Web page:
The β-lactam skeleton is an active acylating agent with numerous applications in clinical therapy [1]. Besides the well-known use as antibiotics [2], β-lactam ring has inhibitory effects on prostate specific antigen [3,4], thrombin [5], human cytomegalovirus protein [6], human leukocyte elastase [7], cysteine protease [8,9], and human fatty acid amide hydrolase [10], as well as anticancer properties [11,12,13,14,15] and neuroprotective action [16,17]. A new area in β-lactam-based drugs has been established by development of β-lactam derivatives with strong cholesterol absorption inhibitor reducing LDL concentration [18,19,20,21]. An example is the commercial drug ezetimibe, which is one of the most prescribed drugs in the US. Recently, simvastatin has been shown to provide an incremental benefit on reducing cardiovascular events in acute coronary syndrome patients, when co-administered with ezetimibe [22]. Furthermore, β-lactams have also been considered as peptidomimetic species for mimicking certain properties of proteins and, from a synthetic point of view, they are key synthons for the preparation of various heterocyclic compounds of biological importance [23,24,25].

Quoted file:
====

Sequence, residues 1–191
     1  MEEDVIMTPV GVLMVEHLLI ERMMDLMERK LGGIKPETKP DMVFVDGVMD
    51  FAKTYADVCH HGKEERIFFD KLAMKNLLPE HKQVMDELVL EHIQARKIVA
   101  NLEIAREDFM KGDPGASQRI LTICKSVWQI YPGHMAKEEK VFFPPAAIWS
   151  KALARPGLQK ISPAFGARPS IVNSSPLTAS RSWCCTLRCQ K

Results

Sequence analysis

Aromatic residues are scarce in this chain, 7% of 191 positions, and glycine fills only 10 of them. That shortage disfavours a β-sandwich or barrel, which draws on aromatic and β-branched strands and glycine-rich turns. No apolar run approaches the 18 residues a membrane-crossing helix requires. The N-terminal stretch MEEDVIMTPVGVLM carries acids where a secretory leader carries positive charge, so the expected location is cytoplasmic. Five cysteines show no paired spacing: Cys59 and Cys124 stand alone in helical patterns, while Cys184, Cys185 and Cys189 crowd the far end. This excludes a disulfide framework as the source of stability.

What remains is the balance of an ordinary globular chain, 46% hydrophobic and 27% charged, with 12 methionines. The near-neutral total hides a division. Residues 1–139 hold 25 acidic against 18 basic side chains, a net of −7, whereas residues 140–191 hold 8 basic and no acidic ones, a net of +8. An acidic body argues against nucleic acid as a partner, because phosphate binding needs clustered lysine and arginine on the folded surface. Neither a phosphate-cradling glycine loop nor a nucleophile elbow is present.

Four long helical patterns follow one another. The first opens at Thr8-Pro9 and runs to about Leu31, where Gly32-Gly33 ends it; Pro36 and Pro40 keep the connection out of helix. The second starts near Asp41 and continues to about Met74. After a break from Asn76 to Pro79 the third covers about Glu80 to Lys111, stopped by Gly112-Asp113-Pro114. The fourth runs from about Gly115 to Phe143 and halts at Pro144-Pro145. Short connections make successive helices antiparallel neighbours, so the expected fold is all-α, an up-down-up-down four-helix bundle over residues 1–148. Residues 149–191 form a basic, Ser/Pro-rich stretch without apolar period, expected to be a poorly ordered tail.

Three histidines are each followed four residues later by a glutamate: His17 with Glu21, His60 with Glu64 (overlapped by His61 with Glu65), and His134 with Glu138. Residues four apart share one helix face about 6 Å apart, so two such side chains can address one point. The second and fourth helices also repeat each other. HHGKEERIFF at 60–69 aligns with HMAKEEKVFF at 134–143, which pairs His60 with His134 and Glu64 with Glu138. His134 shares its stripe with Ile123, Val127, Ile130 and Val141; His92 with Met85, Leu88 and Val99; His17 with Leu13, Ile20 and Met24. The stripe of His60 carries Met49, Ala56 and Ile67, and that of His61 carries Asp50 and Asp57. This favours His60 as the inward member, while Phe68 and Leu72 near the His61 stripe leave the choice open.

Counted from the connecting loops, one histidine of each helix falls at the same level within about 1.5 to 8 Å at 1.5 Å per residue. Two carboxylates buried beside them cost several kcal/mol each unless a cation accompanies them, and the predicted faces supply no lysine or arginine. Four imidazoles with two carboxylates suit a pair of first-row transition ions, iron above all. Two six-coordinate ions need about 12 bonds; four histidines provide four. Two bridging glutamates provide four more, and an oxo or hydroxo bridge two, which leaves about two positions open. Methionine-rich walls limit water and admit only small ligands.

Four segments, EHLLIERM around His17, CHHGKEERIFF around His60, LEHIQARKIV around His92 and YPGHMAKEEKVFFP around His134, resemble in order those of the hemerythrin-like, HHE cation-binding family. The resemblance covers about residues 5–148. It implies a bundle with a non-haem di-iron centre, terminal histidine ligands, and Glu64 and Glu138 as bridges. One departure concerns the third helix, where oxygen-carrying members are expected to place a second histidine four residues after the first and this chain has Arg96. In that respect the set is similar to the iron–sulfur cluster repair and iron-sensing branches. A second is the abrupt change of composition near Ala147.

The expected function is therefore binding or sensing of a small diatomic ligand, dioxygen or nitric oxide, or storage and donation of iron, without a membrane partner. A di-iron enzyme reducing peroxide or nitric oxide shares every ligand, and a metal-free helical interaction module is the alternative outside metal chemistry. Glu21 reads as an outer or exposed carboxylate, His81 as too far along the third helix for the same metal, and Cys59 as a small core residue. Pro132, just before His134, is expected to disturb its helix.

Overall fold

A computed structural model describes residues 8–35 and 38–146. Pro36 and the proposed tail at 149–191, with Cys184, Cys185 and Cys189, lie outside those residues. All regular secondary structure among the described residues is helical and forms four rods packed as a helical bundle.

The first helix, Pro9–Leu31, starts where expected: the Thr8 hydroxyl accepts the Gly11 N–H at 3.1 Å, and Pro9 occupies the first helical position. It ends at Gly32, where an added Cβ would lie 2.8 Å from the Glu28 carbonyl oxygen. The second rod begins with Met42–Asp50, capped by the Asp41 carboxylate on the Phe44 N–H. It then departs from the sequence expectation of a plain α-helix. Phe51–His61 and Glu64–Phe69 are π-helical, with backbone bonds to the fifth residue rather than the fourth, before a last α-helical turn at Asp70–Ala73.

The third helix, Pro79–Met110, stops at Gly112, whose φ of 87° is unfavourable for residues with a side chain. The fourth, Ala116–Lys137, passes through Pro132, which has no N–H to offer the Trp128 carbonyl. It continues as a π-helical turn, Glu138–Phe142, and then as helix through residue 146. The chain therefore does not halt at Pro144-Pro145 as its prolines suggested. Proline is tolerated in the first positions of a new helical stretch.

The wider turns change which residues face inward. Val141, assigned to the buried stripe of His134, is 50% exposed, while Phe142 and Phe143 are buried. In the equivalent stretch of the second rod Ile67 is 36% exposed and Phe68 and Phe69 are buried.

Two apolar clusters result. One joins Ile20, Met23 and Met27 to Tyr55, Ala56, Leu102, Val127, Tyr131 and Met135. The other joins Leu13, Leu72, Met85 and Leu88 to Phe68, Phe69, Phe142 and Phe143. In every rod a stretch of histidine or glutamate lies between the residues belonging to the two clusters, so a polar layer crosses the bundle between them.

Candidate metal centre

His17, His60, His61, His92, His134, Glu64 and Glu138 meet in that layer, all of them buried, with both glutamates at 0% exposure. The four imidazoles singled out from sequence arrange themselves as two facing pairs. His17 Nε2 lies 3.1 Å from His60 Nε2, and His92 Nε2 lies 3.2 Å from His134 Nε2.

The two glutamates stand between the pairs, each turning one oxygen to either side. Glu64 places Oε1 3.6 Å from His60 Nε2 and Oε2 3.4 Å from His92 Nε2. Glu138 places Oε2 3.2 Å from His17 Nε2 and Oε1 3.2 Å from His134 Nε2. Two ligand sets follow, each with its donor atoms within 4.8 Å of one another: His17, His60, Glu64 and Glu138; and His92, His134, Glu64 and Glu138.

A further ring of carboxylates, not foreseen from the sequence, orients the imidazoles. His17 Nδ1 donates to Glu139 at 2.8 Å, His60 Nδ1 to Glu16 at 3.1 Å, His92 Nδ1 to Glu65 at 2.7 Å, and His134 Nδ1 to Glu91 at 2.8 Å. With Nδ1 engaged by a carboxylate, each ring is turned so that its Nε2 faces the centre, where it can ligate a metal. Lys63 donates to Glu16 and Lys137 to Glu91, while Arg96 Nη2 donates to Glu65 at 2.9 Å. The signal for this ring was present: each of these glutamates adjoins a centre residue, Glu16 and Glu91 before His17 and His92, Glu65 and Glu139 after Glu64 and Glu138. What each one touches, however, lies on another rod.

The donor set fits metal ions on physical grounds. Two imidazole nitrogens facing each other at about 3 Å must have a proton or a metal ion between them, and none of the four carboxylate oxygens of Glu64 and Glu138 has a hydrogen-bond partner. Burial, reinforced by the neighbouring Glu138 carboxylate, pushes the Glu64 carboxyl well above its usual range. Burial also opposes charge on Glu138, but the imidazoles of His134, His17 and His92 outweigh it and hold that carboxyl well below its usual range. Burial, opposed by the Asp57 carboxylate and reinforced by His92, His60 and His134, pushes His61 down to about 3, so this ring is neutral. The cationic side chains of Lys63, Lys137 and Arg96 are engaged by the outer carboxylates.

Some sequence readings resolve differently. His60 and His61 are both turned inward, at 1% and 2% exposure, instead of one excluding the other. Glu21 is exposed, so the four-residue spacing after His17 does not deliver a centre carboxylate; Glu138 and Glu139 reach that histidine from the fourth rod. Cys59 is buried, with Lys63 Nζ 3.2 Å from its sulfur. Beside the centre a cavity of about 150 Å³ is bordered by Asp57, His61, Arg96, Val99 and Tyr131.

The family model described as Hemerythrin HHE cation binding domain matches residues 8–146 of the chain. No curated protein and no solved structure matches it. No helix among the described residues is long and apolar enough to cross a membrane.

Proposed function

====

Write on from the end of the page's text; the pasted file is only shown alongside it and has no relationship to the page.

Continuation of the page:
In drug discovery related organic synthesis, one of the tools for a rapid and efficient construction of diversity-based small molecules is parallel solid-phase synthesis. Particularly, solid-phase chemistry has recently aroused interest in metal-catalyzed cross-coupling reactions since undesirable soluble homodimers can be washed away during purification providing chemoselectivity, while immobilization of one of the substrates makes its homodimerization a less favorable process due to site isolation (Scheme 1) [26]. In this regard, we and others have recognized the usefulness of solid-supported olefin cross-metathesis for generation of biologically relevant molecules [27,28,29,30,31], including a comprehensive study to understand the process [32,33]. From the viewpoint of green chemistry, using solid-phase synthetic sequences allows a significant reduction in solvent waste, since purification is performed by phase separation, avoiding chromatographic isolation of products which requires a large consumption of organic solvents [34].